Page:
Editorial: Happy New Year, everyone!
New Year’s resolutions are a common topic of columnists at this time of year, and I’ve been wondering what sort of resolutions might be most helpful, to individual people or to the world as a whole.
Over my lifetime I haven’t made a habit of engaging in New Year’s resolutions – always thought that if I wasn’t already doing a thing that would be helpful, then there were reasons for that failure. Maybe not good reasons, but reasons.
Traditionally, many New Year’s resolutions have been aimed at self-improvement; eat a healthier diet, exercise more, quit smoking or binge-drinking or nail-biting, start meditating or journaling, reduce screen time, and so on. All good and useful stuff, but — self, self, self.
This coming year promises to be an unusual sort of year – probably even more unusual than the one we’ve just lived. Faced with unusual or unprecedented events, we often have difficulty dealing with them or even accepting that they’re happening, never mind why. Given that many of us may face unprecedented situations in 2020 and beyond, how can we best manage? How can we best influence our world for the better, beyond all that good and useful self-improvement?
Pondering this has led to offering a few perhaps simplistic suggestions for readers to consider:
1. Build good relationships with neighbours and other fellow citizens of all ages and demographic groups. There may come a time when we will all need to help each other. They irritate you sometimes? Give them the benefit of the doubt when forming your judgments. Refrain from repeating nasty gossip – chances are it’s not true anyway.
2. Respond to the best in other people rather than condemning them for those things about them that you don’t approve of, agree with, or like. Since we’re all human and imperfect, we can probably find something to not like in just about everyone, but why focus on that?
3. Seek truth. Question what you hear or read – even if it coincides with what you really want to be true, suspect might be true, or what you fear might be true, or if it’s shocking and outrageous and has gone viral. Slow down and check facts before you re-post things or repeat them. Work for accuracy. Check sources, and ask: who benefits from people believing this item? Be especially diligent to fact-check items that seem to promote ill-will toward anyone, or any group. Ill-will is a toxic thing to spread around.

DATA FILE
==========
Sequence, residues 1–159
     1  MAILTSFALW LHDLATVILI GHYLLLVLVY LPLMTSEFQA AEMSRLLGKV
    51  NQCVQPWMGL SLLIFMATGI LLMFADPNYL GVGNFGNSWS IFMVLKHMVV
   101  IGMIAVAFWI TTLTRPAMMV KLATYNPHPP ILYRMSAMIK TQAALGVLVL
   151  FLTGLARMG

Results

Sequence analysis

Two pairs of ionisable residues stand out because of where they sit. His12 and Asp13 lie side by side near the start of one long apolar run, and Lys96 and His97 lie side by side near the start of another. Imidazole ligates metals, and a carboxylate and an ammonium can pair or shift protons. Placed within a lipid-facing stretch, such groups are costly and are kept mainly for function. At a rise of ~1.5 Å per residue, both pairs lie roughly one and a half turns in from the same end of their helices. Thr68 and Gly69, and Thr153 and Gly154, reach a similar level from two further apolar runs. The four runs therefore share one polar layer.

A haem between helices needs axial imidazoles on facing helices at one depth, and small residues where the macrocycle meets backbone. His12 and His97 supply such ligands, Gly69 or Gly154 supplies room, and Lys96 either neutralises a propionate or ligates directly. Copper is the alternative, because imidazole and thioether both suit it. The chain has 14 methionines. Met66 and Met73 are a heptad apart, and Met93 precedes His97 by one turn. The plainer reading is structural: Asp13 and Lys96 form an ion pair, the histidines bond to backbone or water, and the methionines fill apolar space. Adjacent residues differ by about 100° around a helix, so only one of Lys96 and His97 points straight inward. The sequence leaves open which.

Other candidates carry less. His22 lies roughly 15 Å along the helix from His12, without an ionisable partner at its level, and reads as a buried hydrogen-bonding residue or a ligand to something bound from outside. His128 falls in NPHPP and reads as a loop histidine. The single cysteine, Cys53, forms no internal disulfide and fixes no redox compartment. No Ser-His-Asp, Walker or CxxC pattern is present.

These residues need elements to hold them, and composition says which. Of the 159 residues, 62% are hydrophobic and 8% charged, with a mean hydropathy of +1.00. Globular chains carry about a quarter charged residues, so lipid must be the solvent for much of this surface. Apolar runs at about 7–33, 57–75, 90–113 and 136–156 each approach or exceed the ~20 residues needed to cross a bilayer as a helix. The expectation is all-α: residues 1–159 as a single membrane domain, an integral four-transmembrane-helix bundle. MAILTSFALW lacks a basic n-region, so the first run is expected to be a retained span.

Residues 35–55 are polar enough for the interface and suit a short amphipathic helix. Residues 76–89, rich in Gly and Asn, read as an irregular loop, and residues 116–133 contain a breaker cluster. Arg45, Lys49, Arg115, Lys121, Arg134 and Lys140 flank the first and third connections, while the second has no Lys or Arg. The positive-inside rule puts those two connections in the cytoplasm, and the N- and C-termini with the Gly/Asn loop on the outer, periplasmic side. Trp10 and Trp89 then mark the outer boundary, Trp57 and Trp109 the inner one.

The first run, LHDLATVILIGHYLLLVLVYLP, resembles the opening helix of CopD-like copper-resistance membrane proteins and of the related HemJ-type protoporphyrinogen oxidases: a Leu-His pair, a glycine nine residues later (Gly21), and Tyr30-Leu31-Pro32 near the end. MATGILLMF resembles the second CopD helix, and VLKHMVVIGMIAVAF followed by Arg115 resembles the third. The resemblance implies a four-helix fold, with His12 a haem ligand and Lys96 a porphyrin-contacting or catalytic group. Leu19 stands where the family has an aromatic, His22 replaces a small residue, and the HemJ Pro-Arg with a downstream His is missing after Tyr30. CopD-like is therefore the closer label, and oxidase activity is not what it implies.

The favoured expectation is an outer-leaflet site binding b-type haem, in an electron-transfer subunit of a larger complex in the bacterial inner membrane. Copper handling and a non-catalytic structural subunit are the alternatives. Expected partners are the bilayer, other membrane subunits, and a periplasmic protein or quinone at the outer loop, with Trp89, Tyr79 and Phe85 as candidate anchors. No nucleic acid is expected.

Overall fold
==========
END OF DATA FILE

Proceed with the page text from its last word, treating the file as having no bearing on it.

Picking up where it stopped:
4. Be willing to listen to other views. Marcus Aurelius wrote this as a bit of advice to himself: “Persuade me or prove to me that I am mistaken in thought or deed, and I will gladly change – for it is the truth I seek, and the truth never harmed anyone. Harm comes from persisting in error and clinging to ignorance.” (The Emperor’s Handbook, Book Six, para. 21, translated by Hicks and Hicks, 2002. Marcus Aurelius was a Roman Emperor from 161 A.D. until his death in 180 A.D.)
5. Cultivate generosity of spirit. Relax and let that guy into traffic. Smile as you open the door for someone else. If you can afford to, drop something good into the Food Bank box. Buy local, even if it costs a bit more. Greet strangers on the street, or at least give them a smile.
6. Lower your expectations – of what the world owes us; of how much money you need to be happy; about now much stuff you should acquire and how much it should cost.
7. Raise your expectations – of how well you can live with less than you consider your due, and about how much convincing and public pressure provincial and federal governments need before they will do the right thing. And then help convince them to act for the common good.
All these things may be intended to benefit the world beyond self, but they will also benefit the individuals who do them – or double your money back!
Meanwhile, all readers who have additional ideas about how we can influence our world for the better are very welcome to post them below as comments. No resolutions required!